So, I mean, it's really spurious stuff. I've never found any evidence that you ever called for defunding the police. I just wonder, like, the NRCC, these are people that, these are colleagues of yours. I mean, the chair of the NRCC is somebody who works in Congress. Did they really put that statement out after you were physically attacked?

CRAIG: Jake, five days after I was attacked, they put the statement out. At literally, I took a punch to the face in the physical assault. And the bruise had not healed from my chin, with a cut on the bottom of my lip, when the statement went out.

And it really just is egregious. I mean, it's so egregious that this morning, today, and yesterday, the head of the Minnesota police and peace officers association, the rank and file members of law enforcement here in Minnesota, put out a press release saying, just how ridiculous these accusations have been because, you know, I've done nothing but help local law enforcement.

So, you know, this is really just an illustration of how gutter politics and outright lies and absurdities have infiltrated our politics, and frankly, Fox News, and many of the commentators who work there, and it's dangerous. It's dangerous to elected officials like myself, it's dangerous to our democracy, when you can't tell the truth to your viewers.

TAPPER: Yeah, I mean to be clear, even if you had called for defunding the police, and that doesn't mean that anybody should be making light of you being punched in the face. I mean, it doesn't matter your political position, but that said, they're also just lying. It's also just a blatant lie. Do you need additional security? Are you worried about your safety? CRAIG: Well, look, we all have been worried about our safety. We all

have received threats over the last couple of years, especially. They've gone up tremendously of members of Congress.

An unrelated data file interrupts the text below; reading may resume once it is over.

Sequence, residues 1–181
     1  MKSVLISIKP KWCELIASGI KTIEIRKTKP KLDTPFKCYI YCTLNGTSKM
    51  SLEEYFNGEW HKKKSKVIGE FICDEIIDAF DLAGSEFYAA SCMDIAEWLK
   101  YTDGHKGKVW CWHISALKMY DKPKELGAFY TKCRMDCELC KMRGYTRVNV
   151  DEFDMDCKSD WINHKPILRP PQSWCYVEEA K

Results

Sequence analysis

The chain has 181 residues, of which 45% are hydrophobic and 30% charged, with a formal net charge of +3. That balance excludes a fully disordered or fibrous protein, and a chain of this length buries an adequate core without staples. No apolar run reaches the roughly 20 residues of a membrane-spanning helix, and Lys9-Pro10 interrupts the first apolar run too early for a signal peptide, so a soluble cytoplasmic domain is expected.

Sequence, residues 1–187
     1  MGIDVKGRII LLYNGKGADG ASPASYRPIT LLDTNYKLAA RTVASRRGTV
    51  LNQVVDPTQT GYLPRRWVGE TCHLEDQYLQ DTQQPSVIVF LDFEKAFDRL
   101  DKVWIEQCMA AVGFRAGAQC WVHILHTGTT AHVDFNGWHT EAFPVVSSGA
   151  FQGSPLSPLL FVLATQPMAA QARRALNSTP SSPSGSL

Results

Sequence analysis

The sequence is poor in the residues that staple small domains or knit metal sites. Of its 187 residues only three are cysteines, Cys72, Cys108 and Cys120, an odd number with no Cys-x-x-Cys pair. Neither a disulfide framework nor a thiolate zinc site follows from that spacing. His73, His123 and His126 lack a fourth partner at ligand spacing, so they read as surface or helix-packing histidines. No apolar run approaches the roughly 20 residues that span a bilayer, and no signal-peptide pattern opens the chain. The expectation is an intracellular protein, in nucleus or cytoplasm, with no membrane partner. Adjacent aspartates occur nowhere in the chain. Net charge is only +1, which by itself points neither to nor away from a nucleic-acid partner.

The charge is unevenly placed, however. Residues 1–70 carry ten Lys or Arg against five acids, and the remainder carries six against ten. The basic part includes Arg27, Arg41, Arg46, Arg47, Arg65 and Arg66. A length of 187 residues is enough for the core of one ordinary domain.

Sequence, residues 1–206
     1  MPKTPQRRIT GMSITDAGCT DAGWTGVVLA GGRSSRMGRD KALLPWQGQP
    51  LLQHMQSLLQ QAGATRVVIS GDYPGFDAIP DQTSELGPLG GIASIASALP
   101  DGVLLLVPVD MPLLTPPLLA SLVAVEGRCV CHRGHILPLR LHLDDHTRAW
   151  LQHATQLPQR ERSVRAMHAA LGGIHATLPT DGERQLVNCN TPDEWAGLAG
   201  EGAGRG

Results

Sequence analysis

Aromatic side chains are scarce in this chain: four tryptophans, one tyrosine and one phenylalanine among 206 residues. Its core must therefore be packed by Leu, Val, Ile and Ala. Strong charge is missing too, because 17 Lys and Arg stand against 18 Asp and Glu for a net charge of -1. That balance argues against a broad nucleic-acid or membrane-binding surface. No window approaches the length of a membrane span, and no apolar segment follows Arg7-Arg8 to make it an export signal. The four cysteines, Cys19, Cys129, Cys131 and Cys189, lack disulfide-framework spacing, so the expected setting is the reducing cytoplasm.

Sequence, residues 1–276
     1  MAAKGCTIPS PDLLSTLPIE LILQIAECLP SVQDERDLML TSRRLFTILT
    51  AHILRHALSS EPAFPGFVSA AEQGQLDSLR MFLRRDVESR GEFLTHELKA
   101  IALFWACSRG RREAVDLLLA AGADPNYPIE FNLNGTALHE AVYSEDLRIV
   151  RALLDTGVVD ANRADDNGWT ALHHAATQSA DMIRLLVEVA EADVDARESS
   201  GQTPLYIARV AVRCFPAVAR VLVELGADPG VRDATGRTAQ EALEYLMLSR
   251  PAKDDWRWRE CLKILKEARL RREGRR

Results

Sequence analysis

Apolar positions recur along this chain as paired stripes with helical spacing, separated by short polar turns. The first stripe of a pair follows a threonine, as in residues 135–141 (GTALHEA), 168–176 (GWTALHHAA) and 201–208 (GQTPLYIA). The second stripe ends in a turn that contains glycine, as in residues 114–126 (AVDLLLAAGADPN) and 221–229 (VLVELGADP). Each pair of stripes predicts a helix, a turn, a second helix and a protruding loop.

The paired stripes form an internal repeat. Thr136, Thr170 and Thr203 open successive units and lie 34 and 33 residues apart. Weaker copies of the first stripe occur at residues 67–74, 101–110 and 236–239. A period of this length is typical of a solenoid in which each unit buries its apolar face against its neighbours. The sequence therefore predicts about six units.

You know, I spent a whole lot of time making sure that we had security presence and public events here in Minnesota.


Obviously, members of Congress had done a number of things to protect our own homes.

More difficult is sort of the random assault that might occur. But of course, every member of Congress is concerned about keeping themselves and their families safe, but not just because their members. Every American has the right to feel safe and be protected. So, you know, public safety is a huge issue when, you know, the incident that I experienced in Washington was really the intersection of homeless individuals with mental health issues, with addiction issues, who also had a number of assaults on the record.

And I was the 13th assault on this person's record, and, you know, the intersection of all of that is something that I feel like I really need to work on. Because every American, every Minnesotan deserves to feel safe.

TAPPER: Yeah and certainly in D.C. here as well, and there's a conversation to be had about repeat offenders, and whether letting them out on the streets so easily is the right thing to do for the safety of the public.

Lastly, before you go, if you could address the people who are lying about your record here or the people who think it's okay to call you up and threaten you, what would you say to them?

CRAIG: Well, look, it's super dangerous to the GOP, to its leadership, to the NRCC. I would say that it's out of control. I think we need to stop lying about our records and you are part of the problem if you are compelling folks to use violence against your colleagues.

You know, I would just say that GOP needs to get to work. They need to get to work to lower the cost of health care in our country, to lower the cost of gas prices, and actually address public safety. Not as a political wedge issue, but let's figure out how we work together to get law enforcement, what they need to be successful to keep our communities safe.

TAPPER: Well, Democratic Congresswoman Angie Craig, we are glad that you are feeling better. Thank you so much for coming on today.

CRAIG: Thanks, Jake.

TAPPER: Coming up next, why the mayor in East Palestine, Ohio, called President Biden's trip to Ukraine, a big slap in the face to the citizens of his area. Stay with us.



TAPPER: In our national league, earlier today, the mayor of East Palestine, Ohio, attacked President Biden for visiting Ukraine on Monday, as his village is dealing with a disastrous train derailment. He called it a slap in the face to the people of East Palestine. Meanwhile, government officials are pointing fingers at Norfolk Southern, referring to the company's arrogance and incompetence in corporate greed in the company's handling of the derailment.

EPA today ordered Norfolk Southern to pay for the entire cleanup of toxic chemicals it spilled nearly three weeks ago.

But as CNN's Miguel Marquez reports for us now, it's unclear if this demand for accountability will satisfy the residents of East Palestine.